31 December 2023

Ocotillo Nocturne

Those long ghostly black fingers, visible in silhouette, are the branches of the Ocotillo cactus. The 'vine cactus' is indigenous to the desert of the Imperial Valley.  Tucked into the southeasternmost corner of California, Ocotillo  is a land of little rain.

"I want people to get lost in the work. I want to seduce people into it and I want people to get lost inside the world of the work. In that way the work is pre-Modernist. I throw all my obsessions and loves into the work, and I try not to be too embarrassed about any of it. I love gardening. I love watching birds and all that gets into the work." - Fred Tomaselli

His light-filled geometric patterns pulse with energy and if they appear familiar yet difficult to place in any known cosmology, this only intensifies our impression of deep time. Surely, this feeling is evoked by the desert at dusk.

Image: Fred Tomaselli - Ocotillo Nocturne, 1993, acrylic, synthetic, resin, pills, and leaves on wood panel, Whitney Museum of American Art, NYC.

24 December 2023

A Commedia del arte Christmas

Marionettes, (puppets controlled by strings), have been performing at Christmas markets since medieval times. These marionettes included characters from the commedia del arte, such Pulcinella. The name marionette means 'little Mary' in tribute to the Virgin Mary. 

Merry Christmas to one and all.

Image: Maurizio Faschetti - untitled, December 2002, photograph, Alinari Archives, Florence.

18 December 2023

Eileen Agar: Water Sprite

Try telling a fish about water. Dynamism radiates in all directions from Ondine. Underwater, she floats within a protective penumbra, rather like thee spikes of a porcupine. We also see a fish tail that will, in time, morph this water sprite into a mermaid. From fish to mermaid is an evolutionary transformation.  The human face is overlaid with vegetal growth in the red (blood) and green (vegetable) oval filigree.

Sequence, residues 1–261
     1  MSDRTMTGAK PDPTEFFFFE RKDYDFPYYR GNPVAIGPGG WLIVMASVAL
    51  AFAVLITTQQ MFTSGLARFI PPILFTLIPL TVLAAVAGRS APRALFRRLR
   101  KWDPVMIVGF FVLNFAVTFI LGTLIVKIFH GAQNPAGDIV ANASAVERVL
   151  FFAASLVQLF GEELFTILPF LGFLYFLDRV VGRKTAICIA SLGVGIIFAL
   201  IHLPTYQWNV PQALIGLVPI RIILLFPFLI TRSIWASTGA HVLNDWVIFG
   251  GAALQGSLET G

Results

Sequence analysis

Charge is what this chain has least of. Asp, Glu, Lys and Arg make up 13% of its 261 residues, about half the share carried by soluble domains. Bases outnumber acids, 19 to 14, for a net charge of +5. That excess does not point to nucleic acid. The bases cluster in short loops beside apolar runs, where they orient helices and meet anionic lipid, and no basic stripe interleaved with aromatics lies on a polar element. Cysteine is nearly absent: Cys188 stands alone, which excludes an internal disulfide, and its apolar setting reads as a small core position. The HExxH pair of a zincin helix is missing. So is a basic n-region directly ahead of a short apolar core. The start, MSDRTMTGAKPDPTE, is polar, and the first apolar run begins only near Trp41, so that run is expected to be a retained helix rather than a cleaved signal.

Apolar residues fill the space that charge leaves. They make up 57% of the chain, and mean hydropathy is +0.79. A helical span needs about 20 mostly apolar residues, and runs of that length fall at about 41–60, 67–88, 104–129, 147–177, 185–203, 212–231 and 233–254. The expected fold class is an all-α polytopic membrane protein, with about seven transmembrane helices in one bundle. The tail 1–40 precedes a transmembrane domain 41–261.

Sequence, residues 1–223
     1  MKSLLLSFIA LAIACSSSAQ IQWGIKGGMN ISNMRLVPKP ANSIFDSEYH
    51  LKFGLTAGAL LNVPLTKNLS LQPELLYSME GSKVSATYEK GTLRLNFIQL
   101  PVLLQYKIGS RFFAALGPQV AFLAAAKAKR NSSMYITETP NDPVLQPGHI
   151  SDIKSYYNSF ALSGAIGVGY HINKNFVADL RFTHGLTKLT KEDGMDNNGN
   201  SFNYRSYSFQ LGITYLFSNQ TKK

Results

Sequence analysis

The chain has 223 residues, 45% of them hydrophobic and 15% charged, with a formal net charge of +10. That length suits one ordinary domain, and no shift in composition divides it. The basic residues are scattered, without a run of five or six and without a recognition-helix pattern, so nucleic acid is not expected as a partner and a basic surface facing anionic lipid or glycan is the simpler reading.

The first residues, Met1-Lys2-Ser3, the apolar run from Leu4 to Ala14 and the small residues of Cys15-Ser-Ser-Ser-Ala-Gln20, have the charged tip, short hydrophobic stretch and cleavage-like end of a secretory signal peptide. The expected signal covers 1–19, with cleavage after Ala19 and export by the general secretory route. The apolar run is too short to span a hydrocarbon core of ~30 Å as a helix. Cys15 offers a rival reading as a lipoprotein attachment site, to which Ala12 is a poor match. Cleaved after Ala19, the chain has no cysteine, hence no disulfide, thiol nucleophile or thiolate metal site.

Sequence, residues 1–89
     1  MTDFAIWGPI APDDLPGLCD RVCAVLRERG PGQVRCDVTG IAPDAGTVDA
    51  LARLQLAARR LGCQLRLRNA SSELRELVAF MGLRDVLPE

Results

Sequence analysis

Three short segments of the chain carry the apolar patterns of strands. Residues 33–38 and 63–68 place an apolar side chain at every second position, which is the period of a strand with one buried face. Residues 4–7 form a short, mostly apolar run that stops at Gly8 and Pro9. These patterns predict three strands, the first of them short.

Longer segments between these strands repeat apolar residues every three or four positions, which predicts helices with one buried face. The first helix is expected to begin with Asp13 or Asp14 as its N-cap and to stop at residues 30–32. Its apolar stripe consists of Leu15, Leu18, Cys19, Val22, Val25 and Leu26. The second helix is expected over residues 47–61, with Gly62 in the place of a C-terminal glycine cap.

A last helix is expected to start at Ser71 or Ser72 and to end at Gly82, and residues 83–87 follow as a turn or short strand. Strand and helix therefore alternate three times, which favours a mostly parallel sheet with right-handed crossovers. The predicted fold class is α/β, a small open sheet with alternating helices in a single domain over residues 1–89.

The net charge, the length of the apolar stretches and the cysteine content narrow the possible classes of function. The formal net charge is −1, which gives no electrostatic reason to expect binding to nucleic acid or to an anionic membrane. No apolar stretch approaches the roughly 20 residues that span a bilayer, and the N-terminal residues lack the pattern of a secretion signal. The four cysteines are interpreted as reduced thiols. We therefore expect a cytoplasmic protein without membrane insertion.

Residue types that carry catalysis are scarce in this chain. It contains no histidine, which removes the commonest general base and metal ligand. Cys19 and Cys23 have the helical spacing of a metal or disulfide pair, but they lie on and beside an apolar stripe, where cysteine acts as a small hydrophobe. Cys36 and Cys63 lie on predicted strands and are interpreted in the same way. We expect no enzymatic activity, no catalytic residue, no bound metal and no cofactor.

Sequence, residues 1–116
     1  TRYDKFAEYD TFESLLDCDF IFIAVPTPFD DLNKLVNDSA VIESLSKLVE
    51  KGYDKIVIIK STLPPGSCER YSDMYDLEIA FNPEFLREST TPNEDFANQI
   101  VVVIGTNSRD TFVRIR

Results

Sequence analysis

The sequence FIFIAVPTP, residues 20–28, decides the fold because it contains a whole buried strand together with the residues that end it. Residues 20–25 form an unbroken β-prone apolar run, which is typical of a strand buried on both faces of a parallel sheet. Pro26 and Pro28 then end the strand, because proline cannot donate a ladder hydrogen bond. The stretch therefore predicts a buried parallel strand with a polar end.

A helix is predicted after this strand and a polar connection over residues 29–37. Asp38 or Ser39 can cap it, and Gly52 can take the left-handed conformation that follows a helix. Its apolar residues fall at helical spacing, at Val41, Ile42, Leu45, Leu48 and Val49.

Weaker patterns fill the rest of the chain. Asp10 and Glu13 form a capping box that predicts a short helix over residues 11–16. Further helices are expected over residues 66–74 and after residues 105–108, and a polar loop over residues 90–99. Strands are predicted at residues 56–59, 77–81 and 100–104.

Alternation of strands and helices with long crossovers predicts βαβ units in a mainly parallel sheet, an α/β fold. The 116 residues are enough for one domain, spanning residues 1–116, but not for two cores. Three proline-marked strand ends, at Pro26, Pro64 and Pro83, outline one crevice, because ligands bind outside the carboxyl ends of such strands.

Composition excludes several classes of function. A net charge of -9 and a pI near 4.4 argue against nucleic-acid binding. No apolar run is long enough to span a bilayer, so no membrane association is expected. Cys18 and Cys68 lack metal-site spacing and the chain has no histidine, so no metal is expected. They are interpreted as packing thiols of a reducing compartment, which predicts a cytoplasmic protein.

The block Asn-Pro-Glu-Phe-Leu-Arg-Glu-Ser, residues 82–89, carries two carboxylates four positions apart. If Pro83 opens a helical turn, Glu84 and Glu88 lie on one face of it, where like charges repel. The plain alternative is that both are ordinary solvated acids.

In the manner of a Renaissance portrait of a venerable lady, Eileen Agar's Ondine offers her left profile to the viewer. It calls to mind these lines from Undine :(1811) by Friedrich de la Motte Fouqe:
"... in each element there exists a race of beings, whose form scarcely differs from yours, but who very seldom appears to mortal sight ... you now see before you, my love, an undine." Faces in profile recur in Agar's work, caught in the act of amazement. And those round eyes remind me of Picasso's images.

Where can we situate the work of a surrealist like Agar? Historical painting shows an event that happened at a particular moment. Genre painting shows something ordinary that happens all the time. Surrealist painting suggests what existd beyond reality.

Eileen Agar (1899-1991) was born in Buenos Aires.  As a young girl she was sent to school in England. In 1926, she met her lifelong partner, Hungarian-born Joseph Bard. By 1930, Agar had begun to do art that was recognizably aurrrealist. She is buried in the storied Pere Lachaise Cemetery in Paris.

Image: Eileen Agar - Ondine, 1972, acryllic and collage on canvas, Kreps Gallery, NYC.

10 December 2023

In the Footsteps of Dorothy Parker: Wendy Cope


"At Christmas little children sing and merry bells jingle,

The cold winter air makes our hands and faces tingle

And happy families go to church and cheerily they mingle

And the whole business is unbelievably dreadful, if you're single."

            - Wendy Cope

Wendy Cope (b.1945) is a British poet, author of five published volumes, and the recipient of  an OBE.

Image: Joel Meyerowitz - untitled,, from the Pack Series, 1977, kodachrome, Pompidou Center, Paris.